Although my chancellor for the time being hath before this time used very eloquently and substantially to make answer to such ovations, yet he is not able to open and set forth my mind and meaning, and the secrets of my heart in so plain and ample manner as I myself am and can do.

He was one of the panel empowered to sign Acts on the King’s behalf during the second session: the only measure on which its members were apparently unanimous was that for the attainder of the Earl of Surrey, and Wriothesley’s defence of Chancery against the proposal to unite the court of general surveyors with the augmentations almost certainly accounts for the delay in its engrossment before being sent to the Commons on the eve of dissolution. He wept when before dissolving the Parliament he announced the King’s death.9

Under Henry VIII’s will Wriothesley was named an executor, and according to the testimony of secretary Paget as to the King’s intentions he was to receive £500 and an earldom. Edward VI reinvested him in the chancellorship but the mutual dislike between him and the Duke of Somerset, his opposition to the Protectorate and his championship of his own court provoked his dismissal. The allegations of incompetence and transgression of authority brought against him in the Council by certain unnamed common lawyers, although not substantiated before the tribunal which degraded him, have given rise to the tradition that he was unsuited to the office. After a period of confinement to his London house he was given his liberty but not restored to the Council. Thus freed from public commitments, he was able to devote himself to his own and his county’s affairs, and he seems to have played a more prominent part in the Hampshire elections of 1547 than previously. His own appearance at the opening of the Parliament was commented upon by the imperial ambassador. He attended the first session almost daily, having four bills committed to him, one being for the erection of a new court of Chancery for ecclesiastical causes which came to nothing, and taking part in the conference between both Houses for the repeal of the heresy laws. He was equally regular in the second session, when he at first opposed the Act of Uniformity (2 and 3 Edw. VI, c.1) but ‘lost his constancy in the end and agreed to everything’ shortly before being reinstated in the Council. During the second prorogation he was ruthless in preventing the spread of insurrection from the south-west to Hampshire and his discontent at Somerset’s handling of the affair combined with his personal dislike of the Protector made him a ready accomplice in the Earl of Warwick’s coup of October 1549.10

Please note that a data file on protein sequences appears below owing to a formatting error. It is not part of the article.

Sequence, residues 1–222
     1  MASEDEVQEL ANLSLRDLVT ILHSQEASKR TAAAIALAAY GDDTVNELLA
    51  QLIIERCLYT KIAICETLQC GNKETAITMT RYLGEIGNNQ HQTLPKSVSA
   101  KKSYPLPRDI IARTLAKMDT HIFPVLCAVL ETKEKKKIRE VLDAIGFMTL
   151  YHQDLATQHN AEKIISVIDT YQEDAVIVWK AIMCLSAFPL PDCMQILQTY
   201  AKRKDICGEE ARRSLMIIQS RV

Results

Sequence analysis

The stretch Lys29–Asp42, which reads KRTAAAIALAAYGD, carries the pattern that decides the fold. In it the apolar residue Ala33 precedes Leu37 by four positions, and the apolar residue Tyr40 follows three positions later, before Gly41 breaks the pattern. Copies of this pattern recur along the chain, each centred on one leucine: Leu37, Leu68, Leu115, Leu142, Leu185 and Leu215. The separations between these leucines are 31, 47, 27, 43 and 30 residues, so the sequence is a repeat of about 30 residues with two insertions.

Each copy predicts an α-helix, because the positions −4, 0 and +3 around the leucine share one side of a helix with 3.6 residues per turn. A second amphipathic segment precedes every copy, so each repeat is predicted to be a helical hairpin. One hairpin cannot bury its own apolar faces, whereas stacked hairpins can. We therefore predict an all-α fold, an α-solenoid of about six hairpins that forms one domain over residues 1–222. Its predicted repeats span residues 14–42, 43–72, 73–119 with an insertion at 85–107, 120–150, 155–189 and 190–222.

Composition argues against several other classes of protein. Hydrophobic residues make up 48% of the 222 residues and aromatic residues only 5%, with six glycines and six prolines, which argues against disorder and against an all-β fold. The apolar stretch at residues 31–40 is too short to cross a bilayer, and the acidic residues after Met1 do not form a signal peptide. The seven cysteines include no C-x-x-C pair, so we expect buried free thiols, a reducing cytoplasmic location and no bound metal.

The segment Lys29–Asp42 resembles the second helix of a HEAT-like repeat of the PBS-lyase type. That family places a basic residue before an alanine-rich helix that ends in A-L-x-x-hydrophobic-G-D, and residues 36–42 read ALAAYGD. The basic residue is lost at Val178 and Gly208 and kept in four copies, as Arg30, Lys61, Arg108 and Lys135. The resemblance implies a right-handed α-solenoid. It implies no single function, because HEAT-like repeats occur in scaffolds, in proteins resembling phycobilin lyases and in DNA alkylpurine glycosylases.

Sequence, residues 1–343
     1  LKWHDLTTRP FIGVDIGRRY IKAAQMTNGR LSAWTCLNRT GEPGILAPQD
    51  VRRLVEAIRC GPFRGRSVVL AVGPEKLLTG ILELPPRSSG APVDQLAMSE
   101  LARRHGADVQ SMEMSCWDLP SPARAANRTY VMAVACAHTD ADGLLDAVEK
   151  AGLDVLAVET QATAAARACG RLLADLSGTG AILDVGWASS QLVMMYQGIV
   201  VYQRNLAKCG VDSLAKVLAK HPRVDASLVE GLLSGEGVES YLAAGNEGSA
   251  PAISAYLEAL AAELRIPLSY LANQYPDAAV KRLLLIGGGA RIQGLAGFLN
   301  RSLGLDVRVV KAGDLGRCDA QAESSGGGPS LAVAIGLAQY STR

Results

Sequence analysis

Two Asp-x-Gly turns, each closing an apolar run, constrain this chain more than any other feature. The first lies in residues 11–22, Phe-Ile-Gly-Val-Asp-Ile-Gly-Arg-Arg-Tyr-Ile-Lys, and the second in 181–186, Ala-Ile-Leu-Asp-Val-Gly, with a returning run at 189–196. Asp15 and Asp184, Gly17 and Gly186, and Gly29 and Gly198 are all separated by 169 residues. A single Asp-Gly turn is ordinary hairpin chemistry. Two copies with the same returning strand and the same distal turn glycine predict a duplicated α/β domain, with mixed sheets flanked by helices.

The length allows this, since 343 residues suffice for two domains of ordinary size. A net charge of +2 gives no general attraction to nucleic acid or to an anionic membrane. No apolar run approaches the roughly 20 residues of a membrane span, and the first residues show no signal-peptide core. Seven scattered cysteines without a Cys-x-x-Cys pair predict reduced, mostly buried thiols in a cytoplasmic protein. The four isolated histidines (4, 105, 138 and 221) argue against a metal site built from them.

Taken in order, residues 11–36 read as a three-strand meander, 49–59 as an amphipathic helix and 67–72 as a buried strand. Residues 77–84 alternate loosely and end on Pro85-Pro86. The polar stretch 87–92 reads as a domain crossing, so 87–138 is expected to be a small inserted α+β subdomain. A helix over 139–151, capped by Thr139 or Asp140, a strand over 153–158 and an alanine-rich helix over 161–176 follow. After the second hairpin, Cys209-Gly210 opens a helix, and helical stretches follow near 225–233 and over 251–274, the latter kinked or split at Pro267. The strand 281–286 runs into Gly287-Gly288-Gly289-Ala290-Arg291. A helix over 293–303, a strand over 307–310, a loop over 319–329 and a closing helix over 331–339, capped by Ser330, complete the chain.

The resulting transformation of Wriothesley’s position elicited John Ponet’s comment, ‘Wriothesley that before was banished the court is lodged with his wife and son next to the King. Every man repaireth to Wriothesley, honoureth Wriothesley, sueth unto Wriothesley and all things [are] done by his advice.’ He did not long enjoy this ascendancy. In the summer he had excused himself through ill-health from joining in the embassy to negotiate peace with France; by the autumn he was worse and in November he was said to be dying. He seems to have attended only nine days of the third session of the Parliament of 1547, all in the first two months of its sitting, but he was one of the signatories to the Act for the fine and ransom of the Duke of Somerset which was introduced into Parliament only in the third month. In January 1550, after a three months’ absence from the Council, he was asked to clarify a legal point and in February he was advised ‘to keep his house and not depart thence’. In March the imperial ambassador reported an improvement in his condition but that Wriothesley wished rather ‘to be under the earth than upon it’. Reports of his imminent death continued for another three months but it was not until 30 July that he died, and then amid rumours of suicide. He was buried four days later in St. Andrew’s Holborn, where the funeral sermon was preached by Bishop Hooper of Gloucester. His corpse was later transferred to Titchfield.11